He then lists the lead staff on the paper: Roberts as Editor, Pearson as sub-editor, and Mohr as publisher.

Mohr was 2nd Lieutenant (later Captain) Stanley Melbourne Mohr. He would later go on to be awarded the Military Cross in November 1916 for conspicuous gallantry in action, showing great skill and determination in constructing a trench under heavy fire.39 Mohr was not the only publisher to be identified. In the issues of the Wipers Times he sent home, the very first issue, 12 February 1916, is signed not only by Roberts and Pearson, but under the space for publisher, it is signed by R.D.B Woods.40 Woods was 2nd Lieutenant (later Lieutenant) Richard Donald Bell Woods. I also found from a separate source (see below) that a later publisher on the magazine was Captain W.J. Asher, and while this sounds 'bloody obvious' typing it out, it is worth remembering, there was a war on, and the Wipers Times was produced around the duties of the men — it is therefore unsurprising to see changes in the paper's staff.

On 17 April 1917, Ward says he is sending the latest copy of the paper (believed to be 10 April 1917) and notes that although Roberts is now CO and he is too busy to actually edit the magazine, he did write a great many articles for this specific issue. He further adds that 'Gunner' is the new editor. 41 His parents think that Ward is in fact 'Gunner', and he corrects them in a letter dated 26 April 1917, saying: 'The "Gunner" of course is not me but the nickname of Capt. S.M. Mohr M.C., originated through the boxer I believe, Gunner Moir'.42 A couple of notes on this. I was under the impression that Pearson took over when Roberts was promoted, but this does not seem to be the case (or perhaps it happened later?). Secondly, 'Gunner' has quite a few mentions in the Wipers, and with this new info in mind, examples (as in Figure 6) begin to make a lot more sense.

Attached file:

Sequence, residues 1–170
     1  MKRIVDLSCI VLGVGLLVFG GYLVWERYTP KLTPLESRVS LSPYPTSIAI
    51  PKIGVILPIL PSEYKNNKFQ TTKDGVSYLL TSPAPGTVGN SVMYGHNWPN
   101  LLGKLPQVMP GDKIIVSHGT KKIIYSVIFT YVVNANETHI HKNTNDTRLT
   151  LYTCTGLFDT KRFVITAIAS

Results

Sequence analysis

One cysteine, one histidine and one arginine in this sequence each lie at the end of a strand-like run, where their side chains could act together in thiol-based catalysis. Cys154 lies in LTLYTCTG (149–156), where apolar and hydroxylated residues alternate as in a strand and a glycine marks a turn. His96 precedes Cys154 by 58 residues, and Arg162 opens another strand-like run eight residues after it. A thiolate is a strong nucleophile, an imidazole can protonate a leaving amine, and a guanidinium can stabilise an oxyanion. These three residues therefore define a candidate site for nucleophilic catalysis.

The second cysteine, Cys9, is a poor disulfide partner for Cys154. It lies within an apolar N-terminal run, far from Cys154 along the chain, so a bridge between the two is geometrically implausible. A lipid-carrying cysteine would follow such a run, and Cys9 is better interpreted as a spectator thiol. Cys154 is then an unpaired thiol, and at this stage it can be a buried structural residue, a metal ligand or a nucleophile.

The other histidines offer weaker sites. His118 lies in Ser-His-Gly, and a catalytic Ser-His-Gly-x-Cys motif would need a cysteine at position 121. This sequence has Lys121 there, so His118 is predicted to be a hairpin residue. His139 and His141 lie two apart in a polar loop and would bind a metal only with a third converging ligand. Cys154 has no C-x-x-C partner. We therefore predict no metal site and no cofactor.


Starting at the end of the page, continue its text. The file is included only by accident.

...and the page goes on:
For me, finding the reference to 'Violets' Chronicle of Fashion' has been the main takeaway. It has also been very interesting to read through the letters of someone involved in the production of a trench journal. I know instances are very rare, and off the top of my head I can only think of Keeling Letters and Recollections — an edited collection of the letters of Sergeant-Major Keeling, 6th Battalion Duke of Cornwall Light Infantry, who was the editor on the journal The Red Feather.43